Actor Henry Victor (1892-1945) is known for appearing in horror classics, such as Tod Browning’s Freaks (1932), in which he played the boorish strong man Hercules, as well as The Mad Doctor and King of the Zombies, both in 1941; and for playing Nazis, often in classic comedies like To Be or Not to Be (1942) with Jack Benny and Carole Lombard, Pack Up Your Troubles (1939) with the Ritz Brothers and Jane Withers, They Got Me Covered (1943) with Bob Hope, and That Nazty Nuisance (1943) with Bobby Watson.
These obvious character roles were due of course to Victor’s thick, almost incomprehensible German accent. The irony is that Victor was English by blood, and had been born in London. He had merely grown up in Germany. By his young manhood he was back in his home country. He went into films when he was 22, and immediately became a star. During the silent era his accent mattered not a jot; his fine physique and good looks were the crucial attributes. One of his very first pictures, in fact, was the title character in The Picture of Dorian Gray (1916). Another notable vehicles from the early period include the 1916 version of H. Rider Haggard’s She, an adaptation of Boucicault’s The Colleen Bawn (1924), The White Shadow (1924) with Betty Compson, and Topsy and Eva (1927) with the Duncan Sisters, in which he played the kindly St. Claire.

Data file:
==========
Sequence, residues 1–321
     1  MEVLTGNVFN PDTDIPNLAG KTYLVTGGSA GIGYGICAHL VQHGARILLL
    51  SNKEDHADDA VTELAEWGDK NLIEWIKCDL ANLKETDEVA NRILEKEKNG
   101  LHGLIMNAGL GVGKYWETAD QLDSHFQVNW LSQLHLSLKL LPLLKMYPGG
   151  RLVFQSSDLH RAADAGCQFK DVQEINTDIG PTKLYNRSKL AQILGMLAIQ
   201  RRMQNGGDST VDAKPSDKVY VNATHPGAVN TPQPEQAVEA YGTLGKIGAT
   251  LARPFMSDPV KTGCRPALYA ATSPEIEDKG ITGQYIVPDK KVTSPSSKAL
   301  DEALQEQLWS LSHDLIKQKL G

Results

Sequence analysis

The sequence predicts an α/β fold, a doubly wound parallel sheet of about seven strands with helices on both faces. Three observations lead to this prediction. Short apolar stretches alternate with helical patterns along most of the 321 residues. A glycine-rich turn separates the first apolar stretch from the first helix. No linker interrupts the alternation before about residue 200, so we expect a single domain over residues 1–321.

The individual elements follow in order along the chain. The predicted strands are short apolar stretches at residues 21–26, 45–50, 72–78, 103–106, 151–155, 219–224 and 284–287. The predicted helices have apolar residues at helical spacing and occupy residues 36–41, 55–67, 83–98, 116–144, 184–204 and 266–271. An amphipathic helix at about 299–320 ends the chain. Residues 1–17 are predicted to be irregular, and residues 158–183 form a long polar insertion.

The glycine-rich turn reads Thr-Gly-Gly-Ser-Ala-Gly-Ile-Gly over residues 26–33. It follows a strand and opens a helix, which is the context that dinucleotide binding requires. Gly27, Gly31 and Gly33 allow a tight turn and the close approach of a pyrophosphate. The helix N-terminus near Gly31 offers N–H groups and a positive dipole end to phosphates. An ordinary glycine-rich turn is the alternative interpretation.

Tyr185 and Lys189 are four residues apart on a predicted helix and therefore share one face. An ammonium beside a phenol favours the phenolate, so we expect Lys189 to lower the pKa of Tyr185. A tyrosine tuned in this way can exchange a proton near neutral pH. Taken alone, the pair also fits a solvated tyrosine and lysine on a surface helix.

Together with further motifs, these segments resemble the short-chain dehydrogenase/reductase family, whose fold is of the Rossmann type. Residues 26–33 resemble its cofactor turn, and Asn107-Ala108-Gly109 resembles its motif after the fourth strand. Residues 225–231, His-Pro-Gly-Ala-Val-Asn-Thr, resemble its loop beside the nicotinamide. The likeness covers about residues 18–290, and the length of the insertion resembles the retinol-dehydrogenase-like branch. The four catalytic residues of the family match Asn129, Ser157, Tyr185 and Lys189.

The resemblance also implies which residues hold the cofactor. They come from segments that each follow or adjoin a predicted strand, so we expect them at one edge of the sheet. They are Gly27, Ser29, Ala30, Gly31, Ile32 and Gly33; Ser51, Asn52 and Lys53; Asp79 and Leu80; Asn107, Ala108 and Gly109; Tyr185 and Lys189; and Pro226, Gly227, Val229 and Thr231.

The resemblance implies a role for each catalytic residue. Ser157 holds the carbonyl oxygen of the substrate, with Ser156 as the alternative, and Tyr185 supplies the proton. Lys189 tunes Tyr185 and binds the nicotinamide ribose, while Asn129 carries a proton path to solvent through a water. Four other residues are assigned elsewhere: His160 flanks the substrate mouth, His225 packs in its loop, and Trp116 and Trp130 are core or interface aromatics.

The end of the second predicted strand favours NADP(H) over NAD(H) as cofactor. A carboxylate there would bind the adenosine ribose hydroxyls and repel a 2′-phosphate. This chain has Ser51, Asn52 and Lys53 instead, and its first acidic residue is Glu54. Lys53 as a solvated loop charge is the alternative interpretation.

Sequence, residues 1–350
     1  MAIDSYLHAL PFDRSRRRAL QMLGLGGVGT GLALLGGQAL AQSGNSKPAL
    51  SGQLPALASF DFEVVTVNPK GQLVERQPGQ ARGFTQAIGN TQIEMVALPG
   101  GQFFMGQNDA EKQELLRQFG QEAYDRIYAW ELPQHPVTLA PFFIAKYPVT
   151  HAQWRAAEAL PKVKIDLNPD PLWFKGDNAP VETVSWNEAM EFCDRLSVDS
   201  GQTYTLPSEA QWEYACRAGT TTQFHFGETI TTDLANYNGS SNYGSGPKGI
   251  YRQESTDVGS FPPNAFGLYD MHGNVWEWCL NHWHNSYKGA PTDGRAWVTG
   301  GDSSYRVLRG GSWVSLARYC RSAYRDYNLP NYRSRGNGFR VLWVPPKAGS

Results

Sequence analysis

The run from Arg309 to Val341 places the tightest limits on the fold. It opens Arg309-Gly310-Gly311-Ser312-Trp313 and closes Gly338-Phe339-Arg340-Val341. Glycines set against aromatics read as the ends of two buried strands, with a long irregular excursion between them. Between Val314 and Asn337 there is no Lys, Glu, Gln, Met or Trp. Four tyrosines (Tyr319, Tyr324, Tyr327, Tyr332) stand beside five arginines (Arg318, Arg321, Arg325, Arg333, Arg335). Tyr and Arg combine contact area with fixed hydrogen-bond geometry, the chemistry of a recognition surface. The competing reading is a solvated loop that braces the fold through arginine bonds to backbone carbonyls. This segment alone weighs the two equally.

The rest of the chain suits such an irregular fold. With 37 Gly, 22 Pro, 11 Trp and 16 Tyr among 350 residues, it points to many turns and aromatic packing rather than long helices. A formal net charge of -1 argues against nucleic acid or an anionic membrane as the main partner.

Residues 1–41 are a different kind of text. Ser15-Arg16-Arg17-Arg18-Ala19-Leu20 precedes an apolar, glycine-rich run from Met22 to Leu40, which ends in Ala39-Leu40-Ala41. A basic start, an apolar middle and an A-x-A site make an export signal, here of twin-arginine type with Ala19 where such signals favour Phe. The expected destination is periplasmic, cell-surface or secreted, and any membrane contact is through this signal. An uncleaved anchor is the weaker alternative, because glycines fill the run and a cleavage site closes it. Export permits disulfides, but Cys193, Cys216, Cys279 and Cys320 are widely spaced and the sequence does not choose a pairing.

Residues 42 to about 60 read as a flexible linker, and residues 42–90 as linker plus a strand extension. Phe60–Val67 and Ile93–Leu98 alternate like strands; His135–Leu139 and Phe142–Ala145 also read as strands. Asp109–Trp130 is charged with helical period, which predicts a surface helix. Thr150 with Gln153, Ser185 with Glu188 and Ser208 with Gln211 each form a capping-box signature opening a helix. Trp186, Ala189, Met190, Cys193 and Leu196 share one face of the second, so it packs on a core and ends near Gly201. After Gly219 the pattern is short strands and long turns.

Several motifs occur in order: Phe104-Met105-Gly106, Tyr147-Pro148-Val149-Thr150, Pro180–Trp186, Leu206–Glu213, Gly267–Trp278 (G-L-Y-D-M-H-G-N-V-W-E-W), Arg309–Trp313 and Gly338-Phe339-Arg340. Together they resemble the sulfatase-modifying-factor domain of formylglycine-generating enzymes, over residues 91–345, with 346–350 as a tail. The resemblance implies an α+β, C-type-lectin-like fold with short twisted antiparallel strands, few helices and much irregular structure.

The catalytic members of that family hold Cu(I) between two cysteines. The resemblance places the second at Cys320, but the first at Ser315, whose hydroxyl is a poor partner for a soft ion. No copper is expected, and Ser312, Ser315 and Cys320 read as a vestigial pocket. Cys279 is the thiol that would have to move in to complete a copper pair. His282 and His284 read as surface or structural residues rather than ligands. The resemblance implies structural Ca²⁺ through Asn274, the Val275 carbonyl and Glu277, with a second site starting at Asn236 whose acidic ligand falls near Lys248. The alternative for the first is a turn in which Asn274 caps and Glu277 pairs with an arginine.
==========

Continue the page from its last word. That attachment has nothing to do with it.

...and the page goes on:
Victor had appeared in over 100 British and American films at the time of his death of a brain tumor in 1945. He was 52 years old.
For more on show biz history, please see No Applause, Just Throw Money: The Book That Made Vaudeville Famous, and for more on early film history read Chain of Fools: Silent Comedy and Its Legacies from Nickelodeons to Youtube.